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Tue, 7 July 2020

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Sadiq Khan urges Boris Johnson to make face coverings mandatory in all shops

Sadiq Khan urges Boris Johnson to make face coverings mandatory in all shops

Sadiq Khan has urged the Prime Minister to extend the rules around face coverings

2 min read

Sadiq Khan has called on Boris Johnson to make face coverings mandatory in all shops and enclosed public spaces.

The London Mayor claimed the UK was "lagging behind" other countries as he called for face coverings to become a "more regular part" of daily life.

It comes just days after face coverings were made mandatory on all public transport in England with passengers facing fines or being refused travel if they fail to comply.

But in a letter to the Prime Minister, Mr Khan said: "It is increasingly clear that face coverings will play a key role in our efforts to stop the further spread of the virus and they need to become a more regular part of our day-to-day life.

"The high level of use on our public transport has again shown that Londonders are willing to act to protect their community, but the Government's current rules are lagging behind other countries."

More than 3,000 extra staff from Transport for London, British Transport Police and Network Rail have been deployed at stations to coincide with the easing of lockdown restrictions on non-essential retail.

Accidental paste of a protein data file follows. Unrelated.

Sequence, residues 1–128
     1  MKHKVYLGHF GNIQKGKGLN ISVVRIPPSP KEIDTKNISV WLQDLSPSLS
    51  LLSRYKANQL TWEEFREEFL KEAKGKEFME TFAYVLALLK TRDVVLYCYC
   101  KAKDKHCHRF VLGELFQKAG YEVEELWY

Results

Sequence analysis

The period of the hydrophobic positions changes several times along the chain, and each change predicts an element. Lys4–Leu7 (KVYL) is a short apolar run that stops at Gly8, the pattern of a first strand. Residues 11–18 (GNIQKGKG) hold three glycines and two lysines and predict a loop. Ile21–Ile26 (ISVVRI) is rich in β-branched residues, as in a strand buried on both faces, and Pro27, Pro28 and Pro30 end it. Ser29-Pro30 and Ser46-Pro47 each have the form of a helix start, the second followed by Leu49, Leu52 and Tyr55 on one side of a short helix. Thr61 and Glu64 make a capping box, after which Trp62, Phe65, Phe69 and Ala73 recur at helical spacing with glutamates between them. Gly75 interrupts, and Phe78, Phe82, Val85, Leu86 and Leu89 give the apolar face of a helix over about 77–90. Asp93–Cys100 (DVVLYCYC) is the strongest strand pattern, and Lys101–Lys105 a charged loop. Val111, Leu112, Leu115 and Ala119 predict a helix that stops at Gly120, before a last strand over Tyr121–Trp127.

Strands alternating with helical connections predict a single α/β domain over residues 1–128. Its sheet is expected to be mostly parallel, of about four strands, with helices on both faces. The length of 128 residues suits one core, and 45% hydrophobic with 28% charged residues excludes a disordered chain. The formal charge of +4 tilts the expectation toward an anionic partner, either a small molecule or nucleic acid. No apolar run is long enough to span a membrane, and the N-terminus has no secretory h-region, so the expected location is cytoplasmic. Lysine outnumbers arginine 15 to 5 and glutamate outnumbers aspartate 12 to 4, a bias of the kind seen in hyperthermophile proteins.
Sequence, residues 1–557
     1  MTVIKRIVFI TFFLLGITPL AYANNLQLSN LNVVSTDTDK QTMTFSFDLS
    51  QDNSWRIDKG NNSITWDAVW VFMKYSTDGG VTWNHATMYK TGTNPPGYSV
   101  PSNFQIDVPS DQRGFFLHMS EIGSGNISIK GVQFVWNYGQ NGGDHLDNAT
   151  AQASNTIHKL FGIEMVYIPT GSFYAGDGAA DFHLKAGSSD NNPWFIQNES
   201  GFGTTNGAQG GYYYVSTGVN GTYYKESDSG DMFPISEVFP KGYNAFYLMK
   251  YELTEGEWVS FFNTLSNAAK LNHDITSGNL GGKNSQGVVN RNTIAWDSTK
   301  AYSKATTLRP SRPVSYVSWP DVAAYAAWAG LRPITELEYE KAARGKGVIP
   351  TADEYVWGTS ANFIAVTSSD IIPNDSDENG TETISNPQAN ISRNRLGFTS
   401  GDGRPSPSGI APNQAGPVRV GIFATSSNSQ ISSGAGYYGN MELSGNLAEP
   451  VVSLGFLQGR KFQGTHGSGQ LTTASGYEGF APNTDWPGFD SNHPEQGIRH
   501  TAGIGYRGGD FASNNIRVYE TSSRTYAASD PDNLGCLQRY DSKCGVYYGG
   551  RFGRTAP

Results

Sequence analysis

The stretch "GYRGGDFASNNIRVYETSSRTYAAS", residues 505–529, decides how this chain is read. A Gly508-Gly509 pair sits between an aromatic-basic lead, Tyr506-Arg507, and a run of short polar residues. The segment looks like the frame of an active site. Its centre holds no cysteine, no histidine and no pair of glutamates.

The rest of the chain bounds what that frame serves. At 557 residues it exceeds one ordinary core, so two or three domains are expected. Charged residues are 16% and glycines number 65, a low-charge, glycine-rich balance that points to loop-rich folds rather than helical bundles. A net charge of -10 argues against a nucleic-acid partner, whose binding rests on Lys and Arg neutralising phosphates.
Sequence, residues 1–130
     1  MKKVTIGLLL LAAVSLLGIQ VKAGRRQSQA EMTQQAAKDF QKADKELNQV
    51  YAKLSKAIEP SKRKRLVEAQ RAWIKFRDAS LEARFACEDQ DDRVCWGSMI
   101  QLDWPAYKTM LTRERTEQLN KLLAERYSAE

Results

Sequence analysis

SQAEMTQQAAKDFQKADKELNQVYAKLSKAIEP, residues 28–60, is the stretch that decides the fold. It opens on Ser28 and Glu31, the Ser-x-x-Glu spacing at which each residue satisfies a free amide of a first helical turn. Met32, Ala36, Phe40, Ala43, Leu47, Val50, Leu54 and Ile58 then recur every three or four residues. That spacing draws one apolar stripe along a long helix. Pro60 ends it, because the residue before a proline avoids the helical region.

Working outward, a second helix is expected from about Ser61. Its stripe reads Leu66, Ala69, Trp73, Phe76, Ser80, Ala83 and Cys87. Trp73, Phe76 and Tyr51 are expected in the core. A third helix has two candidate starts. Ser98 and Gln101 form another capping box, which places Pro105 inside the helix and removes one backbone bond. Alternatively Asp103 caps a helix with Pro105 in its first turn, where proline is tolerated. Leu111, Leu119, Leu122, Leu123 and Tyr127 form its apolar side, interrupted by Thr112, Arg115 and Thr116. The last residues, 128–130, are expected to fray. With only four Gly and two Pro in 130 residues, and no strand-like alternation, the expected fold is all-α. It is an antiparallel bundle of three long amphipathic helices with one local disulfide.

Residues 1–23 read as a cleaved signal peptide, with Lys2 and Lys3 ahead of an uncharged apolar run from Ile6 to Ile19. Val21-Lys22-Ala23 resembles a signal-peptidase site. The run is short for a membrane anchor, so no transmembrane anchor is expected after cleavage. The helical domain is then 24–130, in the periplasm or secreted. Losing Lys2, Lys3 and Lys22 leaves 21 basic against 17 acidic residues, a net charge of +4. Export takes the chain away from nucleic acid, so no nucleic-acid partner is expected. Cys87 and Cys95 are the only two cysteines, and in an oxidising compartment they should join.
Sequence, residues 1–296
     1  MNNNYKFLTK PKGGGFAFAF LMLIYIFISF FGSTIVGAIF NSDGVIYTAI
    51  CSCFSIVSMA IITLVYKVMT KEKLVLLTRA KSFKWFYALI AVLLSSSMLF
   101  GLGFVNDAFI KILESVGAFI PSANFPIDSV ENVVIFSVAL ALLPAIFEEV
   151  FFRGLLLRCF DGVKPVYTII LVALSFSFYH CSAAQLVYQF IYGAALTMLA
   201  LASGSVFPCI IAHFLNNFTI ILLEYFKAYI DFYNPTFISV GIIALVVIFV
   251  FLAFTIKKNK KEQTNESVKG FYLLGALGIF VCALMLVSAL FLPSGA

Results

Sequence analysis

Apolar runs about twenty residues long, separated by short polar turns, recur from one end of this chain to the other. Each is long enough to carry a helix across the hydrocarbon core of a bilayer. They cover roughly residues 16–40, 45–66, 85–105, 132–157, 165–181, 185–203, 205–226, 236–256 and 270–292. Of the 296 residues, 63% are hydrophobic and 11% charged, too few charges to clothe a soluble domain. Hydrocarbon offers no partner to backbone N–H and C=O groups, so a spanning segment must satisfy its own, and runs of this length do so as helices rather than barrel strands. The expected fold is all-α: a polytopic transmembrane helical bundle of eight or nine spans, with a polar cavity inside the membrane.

But Mr Khan said the use of coverings should be expanded to include shops and other places where complying with the 2 metre social distancing rules would be impossible.

He added: "With non-essential shops now opening and the public returning to our high streets, I urge the Government to follow World Health Organisation guidance and make these coverings mandatory for those shopping in retail outlets and in other spaces where it is impossible to keep a safe distance."

Responding to the letter, a Number 10 spokesperson said: "Our guidance remains that we advise people to wear face coverings if they can in enclosed spaces such as shops where they come into contact with people they do not usually meet.

"The difference between public transport and shops is that in a shop you may pass somebdoy but for a short period of time, where as on public transport you could be next to somebody for a long period of time."

They added: "The guidance for shops which is in place sets out the measures they should consider to help customers and staff maintain social distancing and prevent any overcrowding."

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